A Really Bad Painting: Two Figures by Milton Avery

A few years ago when I visited the Los Angeles County Museum of Art, I saw Matisse’s Tea in the Garden, which I consider a really bad painting, and I called it such in my review.

On Wednesday at the Milwaukee Museum of Art, I had a similar experience.

Here is Milton Avery’s Two Figures (1963). There are a number of Avery paintings in that museum, but this one struck me as the worst. It’s a large painting and I consider it spectacularly bad.

Look at the drawing. The pencil outlines are clearly visible. They are crude and the artist made no attempt to make them realistic or abstract. They are just sloppy and sketchy. Then he quickly colored in the main fields. He used six colors, no mixing, and no effort to cover evenly even to make it at least look clean.

I swear, I could do this painting in 20 minutes and it would look more pleasing than this does.

I have a lot of paintings that are much better than this that are stacked in my garage, never to be seen – sometimes to be painted over to at least reuse the canvas. But Milton Avery’s Two Figures in prominently displayed in the Milwaukee Art Museum.

Somebody explain that to me!

Painting: Tea in the Garden – by Matisse

Source WikiArt [click to enlarge]
Last week I visited the Los Angeles County Museum of Art (LACMA) and saw the original Tea in the Garden by Henri Matisse. I love Matisse, and most of his contemporaries including van Gogh (my favorite), Monet, Manet, Gaugin, Cezanne, Seurat – and many others of the period. When I go to an art museum, I usually seek out those artists first, before I wonder off into rooms with the older European paintings.

Often it strikes me how “unfinished” the paintings of the masters are. I saw many versions of van Gogh’s irises (Google it and you will see) where there is bare canvas between brushstrokes indicating leaves.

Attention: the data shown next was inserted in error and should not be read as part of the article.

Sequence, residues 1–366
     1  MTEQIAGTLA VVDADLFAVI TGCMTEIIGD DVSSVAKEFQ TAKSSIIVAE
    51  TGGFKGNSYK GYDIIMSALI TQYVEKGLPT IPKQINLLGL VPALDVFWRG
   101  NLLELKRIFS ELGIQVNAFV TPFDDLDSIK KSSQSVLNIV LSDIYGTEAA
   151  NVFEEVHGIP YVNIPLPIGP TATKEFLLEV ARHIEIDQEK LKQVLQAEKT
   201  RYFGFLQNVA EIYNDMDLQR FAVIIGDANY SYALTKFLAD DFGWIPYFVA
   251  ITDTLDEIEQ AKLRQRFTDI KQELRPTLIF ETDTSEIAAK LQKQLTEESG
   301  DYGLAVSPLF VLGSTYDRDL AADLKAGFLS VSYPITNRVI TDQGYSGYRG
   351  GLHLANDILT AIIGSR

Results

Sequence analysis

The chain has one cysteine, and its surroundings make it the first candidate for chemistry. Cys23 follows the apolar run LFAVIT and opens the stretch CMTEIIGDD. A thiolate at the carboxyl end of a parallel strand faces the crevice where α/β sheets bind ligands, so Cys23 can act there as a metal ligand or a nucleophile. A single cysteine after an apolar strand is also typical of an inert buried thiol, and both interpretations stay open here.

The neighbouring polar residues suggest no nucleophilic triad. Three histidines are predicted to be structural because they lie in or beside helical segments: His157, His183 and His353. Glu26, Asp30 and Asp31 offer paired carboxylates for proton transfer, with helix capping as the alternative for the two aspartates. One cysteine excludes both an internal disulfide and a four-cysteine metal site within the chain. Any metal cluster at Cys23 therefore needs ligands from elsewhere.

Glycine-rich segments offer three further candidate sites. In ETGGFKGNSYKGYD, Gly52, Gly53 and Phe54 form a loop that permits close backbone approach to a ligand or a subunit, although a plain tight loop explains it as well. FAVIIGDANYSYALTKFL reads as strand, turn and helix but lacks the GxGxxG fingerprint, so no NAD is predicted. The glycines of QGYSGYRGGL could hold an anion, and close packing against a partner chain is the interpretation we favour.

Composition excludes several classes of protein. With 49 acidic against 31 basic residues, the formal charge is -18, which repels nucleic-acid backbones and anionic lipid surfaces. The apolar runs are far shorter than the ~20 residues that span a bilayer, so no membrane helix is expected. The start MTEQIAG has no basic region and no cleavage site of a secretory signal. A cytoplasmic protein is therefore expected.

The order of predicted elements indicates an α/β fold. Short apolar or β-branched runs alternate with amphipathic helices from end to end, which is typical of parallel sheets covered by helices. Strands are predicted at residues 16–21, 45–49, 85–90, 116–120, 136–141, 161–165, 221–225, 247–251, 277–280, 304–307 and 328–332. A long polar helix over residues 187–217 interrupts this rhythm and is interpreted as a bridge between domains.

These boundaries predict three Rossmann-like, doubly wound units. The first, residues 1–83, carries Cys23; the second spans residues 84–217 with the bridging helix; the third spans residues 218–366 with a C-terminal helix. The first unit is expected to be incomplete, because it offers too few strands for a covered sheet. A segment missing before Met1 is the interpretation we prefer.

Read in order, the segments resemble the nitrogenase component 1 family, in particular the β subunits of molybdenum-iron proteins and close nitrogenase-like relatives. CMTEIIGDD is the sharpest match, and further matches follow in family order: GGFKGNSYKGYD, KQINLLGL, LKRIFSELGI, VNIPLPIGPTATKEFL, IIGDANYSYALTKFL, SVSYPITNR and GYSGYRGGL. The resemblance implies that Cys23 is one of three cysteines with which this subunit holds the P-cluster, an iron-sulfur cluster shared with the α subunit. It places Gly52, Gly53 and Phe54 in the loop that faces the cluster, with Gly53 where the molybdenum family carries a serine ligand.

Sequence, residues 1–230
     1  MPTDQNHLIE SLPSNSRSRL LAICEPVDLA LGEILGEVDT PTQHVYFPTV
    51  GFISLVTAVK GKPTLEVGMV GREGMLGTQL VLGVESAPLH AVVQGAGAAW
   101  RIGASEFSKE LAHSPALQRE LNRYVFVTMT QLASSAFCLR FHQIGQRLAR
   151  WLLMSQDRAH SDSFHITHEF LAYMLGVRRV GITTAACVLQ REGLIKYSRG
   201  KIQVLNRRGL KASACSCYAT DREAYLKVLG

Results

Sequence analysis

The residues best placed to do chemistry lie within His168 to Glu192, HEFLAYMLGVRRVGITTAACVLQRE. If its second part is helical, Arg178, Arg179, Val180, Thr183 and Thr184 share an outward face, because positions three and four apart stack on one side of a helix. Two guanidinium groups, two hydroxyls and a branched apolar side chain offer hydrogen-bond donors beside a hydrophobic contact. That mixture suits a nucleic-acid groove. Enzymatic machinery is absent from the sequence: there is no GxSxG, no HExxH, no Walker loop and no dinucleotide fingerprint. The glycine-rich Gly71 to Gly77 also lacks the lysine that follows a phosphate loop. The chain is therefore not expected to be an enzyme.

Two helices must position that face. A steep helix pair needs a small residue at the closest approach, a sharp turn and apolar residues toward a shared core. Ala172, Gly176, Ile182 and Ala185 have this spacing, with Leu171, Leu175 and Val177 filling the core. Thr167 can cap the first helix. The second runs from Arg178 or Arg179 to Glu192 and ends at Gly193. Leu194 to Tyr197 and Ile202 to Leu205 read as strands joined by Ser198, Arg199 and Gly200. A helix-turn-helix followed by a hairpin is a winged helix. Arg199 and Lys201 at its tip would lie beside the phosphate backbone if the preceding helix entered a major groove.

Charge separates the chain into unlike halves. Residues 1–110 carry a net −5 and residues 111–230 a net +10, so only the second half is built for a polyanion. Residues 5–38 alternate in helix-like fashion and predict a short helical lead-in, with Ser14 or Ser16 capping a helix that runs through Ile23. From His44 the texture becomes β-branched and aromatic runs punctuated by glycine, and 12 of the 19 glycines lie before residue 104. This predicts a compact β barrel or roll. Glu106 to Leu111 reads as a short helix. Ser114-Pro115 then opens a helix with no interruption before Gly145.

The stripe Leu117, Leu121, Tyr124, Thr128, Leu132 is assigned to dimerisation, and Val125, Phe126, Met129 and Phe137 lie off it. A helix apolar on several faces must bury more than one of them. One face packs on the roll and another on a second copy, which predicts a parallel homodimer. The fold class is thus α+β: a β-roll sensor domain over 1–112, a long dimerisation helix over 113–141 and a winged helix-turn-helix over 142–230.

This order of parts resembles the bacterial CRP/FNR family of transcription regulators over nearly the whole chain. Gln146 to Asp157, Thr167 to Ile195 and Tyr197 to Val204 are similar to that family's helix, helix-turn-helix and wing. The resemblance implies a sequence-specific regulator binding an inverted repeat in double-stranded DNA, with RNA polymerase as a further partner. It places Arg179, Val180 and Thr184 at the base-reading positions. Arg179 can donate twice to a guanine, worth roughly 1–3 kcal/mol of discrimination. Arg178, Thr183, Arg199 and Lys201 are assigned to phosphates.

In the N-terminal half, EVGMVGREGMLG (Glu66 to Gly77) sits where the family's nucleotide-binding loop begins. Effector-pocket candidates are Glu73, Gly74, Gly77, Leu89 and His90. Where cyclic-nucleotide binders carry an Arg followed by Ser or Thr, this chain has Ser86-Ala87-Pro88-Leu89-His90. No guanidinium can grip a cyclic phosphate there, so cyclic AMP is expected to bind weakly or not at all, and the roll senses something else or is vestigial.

Recently I visited my friend (PG) in Germany, who loves the expressionists, and is a hobby painter himself, and we talked about how crappy some of the paintings of the masters are. Sections of the paintings obviously don’t fit together and were completed at different times with different palettes. The drawing is often atrocious. The detail shoddy. The finish – oh, the finish!

In Tea in the Garden, all of this occurs. This is a very large painting (140 x 211 cm). The woman sitting in the center is a model of Matisse. The woman on the right is his daughter. The drawing of both is atrocious. These figures would not make it in any live drawing class in a community college today. The form of the dog is miserable. The background, to the left of the tree, is divided into three distinguished sections, almost done separately. It looks like they were not completed when he thought the rest of the painting was finished and he quickly slapped down some paint to “finish” them. They don’t even work with each other. The path on the left does not look like a path. It’s way too dark and defined in the back to look real. The chairs are poorly defined and sloppy. The back legs of the right chair are too light in the shadow and therefore not “real.” I could go on and on.

If this were my painting, this would be my very first draft. Assuming the paint was still wet, I’d now take a rag and wipe it all into the canvas, producing the overall “feeling” of the painting, and then I’d lay detail over the top of it. I would put at least another 100 hours of work into it before I would call it finished.

I am a dilettante. Matisse is a master. I have never sold a painting – haven’t even tried. Matisse’s work is in the best museums in the world. Perhaps, after you have a name, your drafts, your crappy work, is also famous?

I love Matisse. He inspires me. But standing in front of Tea in the Garden, I can’t but say that it’s a crappy, unfinished painting. Not even pleasant to look at.

Please, my artist readers, talk me down!